Review: Creatures of a Day: And Other Tales of Psychotherapy by Irvin D. Yalom

I started this collection with the intent of re-familiarizing myself with Yalom’s unique wisdom and forthright regard with his patients. And thankfully it started off promising enough by including some much-needed humor to lighten the air between doctor-patient:

Almost able to hear his joints creaking, I took his heavy battered briefcase, held his arm, and guided him to his chair.
“Thankee, thankee, young man. And how old are you?”
“Eighty years old,” I answered.
“Ahhh, to be eighty again.”

This exchange pretty much summarizes the approach of this collection, being that the main theme surrounding each story circles itself on coming face to face with mortality and death anxiety. Plus, a major part is dedicated to dissecting dreams, which I never grow tired of reading through Yalom’s empathic and insightful observations.

“We all face aging in our own manner. I know I’m very old. There is no denying that eighty is old. I’m working less—I see far fewer patients now, only about three a day, but I’m still writing much of the rest of the day. I’ll tell you the truth: I love what I’m doing. I feel blessed to be of help to others, especially others who are facing the issues I’m dealing with—aging, retirement, dealing with the death of a spouse or friends, contemplating my own death.”

Honestly, the constant discussions surrounding death didn’t bother me, until a couple of stories into the book when it suddenly dawned on me that Yalom’s passing would mean no more new therapeutic content… His books read like free therapy consultations that are factually effective for me, so I was glad to have this reassuring read on hand when the thought passed my mind.

“Yes, I know my existence is drawing to a close, but the end has been there since the beginning. ”

The thing that came to bother me then about Creatures of a Day was the rushed nature of the shared exchanges. I realized about halfway through that my issue stemmed from the fact that the cases described were usually short-term sessions, so we don’t see a complete arc of the person’s life, like what I so cherished in Momma and the Meaning of Life & Love’s Executioner, where the stories span multiple weeks, months, etc… So with these ten stories, I was always left hanging midway, feeling like we were about to make progress in the patient’s life, but then being put to a halt because we’d reached the inevitable end. And that feeling of abruptness, with no real sense of closure, came to repeat itself nearly with every following story in this collection.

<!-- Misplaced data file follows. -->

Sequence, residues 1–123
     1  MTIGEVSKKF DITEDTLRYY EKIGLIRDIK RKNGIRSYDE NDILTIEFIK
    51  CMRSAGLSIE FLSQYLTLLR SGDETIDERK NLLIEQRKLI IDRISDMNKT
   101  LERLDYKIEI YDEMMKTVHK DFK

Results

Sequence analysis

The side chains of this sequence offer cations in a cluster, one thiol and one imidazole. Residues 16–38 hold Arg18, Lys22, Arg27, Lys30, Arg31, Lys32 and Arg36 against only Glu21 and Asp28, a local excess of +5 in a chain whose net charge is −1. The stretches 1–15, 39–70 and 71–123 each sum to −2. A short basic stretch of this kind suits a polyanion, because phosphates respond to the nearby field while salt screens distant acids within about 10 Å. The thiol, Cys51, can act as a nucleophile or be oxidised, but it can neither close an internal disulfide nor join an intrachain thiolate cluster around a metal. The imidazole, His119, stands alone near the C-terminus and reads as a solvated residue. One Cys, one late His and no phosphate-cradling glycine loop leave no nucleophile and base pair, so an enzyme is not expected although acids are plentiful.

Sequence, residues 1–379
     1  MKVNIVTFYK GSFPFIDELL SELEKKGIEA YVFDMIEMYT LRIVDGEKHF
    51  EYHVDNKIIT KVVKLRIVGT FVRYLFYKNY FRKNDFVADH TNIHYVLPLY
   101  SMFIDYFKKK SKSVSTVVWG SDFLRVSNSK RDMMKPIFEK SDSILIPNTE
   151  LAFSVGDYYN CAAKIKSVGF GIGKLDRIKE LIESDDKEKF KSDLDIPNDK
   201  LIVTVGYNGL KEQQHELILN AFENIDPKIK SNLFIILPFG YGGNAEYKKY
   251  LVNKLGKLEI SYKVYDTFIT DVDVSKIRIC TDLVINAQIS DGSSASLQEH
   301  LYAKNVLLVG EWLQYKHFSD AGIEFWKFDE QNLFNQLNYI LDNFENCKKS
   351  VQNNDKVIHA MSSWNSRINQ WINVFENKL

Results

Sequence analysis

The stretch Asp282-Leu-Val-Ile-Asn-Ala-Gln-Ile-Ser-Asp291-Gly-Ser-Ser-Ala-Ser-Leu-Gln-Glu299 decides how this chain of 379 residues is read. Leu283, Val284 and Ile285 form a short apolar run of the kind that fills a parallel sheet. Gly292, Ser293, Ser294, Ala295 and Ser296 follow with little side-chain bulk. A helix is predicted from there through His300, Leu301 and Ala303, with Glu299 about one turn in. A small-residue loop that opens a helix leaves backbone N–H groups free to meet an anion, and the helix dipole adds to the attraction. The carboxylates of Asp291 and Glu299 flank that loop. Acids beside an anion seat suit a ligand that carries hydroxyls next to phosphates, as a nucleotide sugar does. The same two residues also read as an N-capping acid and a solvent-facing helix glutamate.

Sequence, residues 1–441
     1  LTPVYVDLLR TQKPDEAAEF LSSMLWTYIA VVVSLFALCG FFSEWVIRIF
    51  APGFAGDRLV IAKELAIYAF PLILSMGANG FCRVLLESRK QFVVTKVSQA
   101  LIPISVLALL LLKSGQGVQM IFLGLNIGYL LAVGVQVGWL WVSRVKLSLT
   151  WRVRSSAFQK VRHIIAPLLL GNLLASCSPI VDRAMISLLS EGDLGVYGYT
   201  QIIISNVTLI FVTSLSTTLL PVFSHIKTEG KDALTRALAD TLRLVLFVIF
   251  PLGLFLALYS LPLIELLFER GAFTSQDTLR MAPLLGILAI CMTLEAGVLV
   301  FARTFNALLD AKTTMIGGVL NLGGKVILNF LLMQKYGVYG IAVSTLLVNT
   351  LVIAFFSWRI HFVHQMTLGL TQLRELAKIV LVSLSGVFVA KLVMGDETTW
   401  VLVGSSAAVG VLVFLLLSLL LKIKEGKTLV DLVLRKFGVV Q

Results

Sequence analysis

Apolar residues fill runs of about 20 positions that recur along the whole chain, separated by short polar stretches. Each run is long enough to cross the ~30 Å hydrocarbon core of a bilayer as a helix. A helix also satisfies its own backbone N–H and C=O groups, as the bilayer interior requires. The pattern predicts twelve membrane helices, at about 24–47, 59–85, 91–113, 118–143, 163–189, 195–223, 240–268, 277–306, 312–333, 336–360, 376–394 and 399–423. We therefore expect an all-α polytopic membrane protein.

Knowing what the author is capable of by having read his previous short story collections – which all completely rocked my world – I felt like this wasn’t what I was seeking. Don’t get me wrong, Creatures of a Day still featured the familiar therapy sessions that I’ve come to seek solace in,  but I can’t deny that there just weren’t any major breakthroughs being uncovered for me, like what I’d gotten used to finding in the aforementioned books. I was in need of “a deep and true session” that “enlivens me.”

So then the seventh story, hoping for a tale full of closure and growth, turned my frown upside down with Sally and her sealed away box of writing.

“There are a lot of dark chapters in my life, darker episodes than I’ve conveyed to you, and there are a lot of dark stories in that box, stories that I may have mentioned, but only obliquely, in our therapy. I’m afraid of their power, and I don’t want to get sucked back into those days. I’m very frightened of that. Oh yes, as you know, my family looked good from the outside, but inside . . . inside there was so much pain.”

I felt the utmost empathy at that. And I like how this thought was shared by a previous patient as well. It’s as if a train of thought starts in a preceding story only to be completed by the following patient.

Perhaps, if I had known going into this that the book follows only short-term sessions, I would’ve felt more prepared and welcoming. But I do have to give credit to Dr. Yalom for always being able to “offer something of value even in a brief consultation.” It’s no easy feat when you consider the circumstances.

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Review: Momma and the Meaning of Life by Irvin D. Yalom

Recently I’ve been thinking a lot about Yalom’s titular story in Love’s Executioner, particularly this one line I keep circling back to: “Perhaps the function of the obsession was simply to provide intimacy: it bonded her to another—but not to a real person, to a fantasy.”

So wanting to bask again in the author’s wisdom, I took the plunge and started Momma and the Meaning of Life. In six enthralling stories drawn from his own clinical experience, Irvin D. Yalom once again proves himself an intrepid explorer of the human psyche as he guides his patients–and himself–toward transformation. With eloquent detail and sharp-eyed observation Yalom introduces us to a memorable cast of characters. Drifting through his dreams and trampling through his thoughts are Paula, Yalom’s “courtesan of death”; Myrna, whose eavesdropping gives new meaning to patient confidentiality; Magnolia, into whose ample lap Yalom longs to pour his own sorrows, even as he strives to ease hers; and Momma–ill-tempered, overpowering, and suffocating her son with both love and disapproval.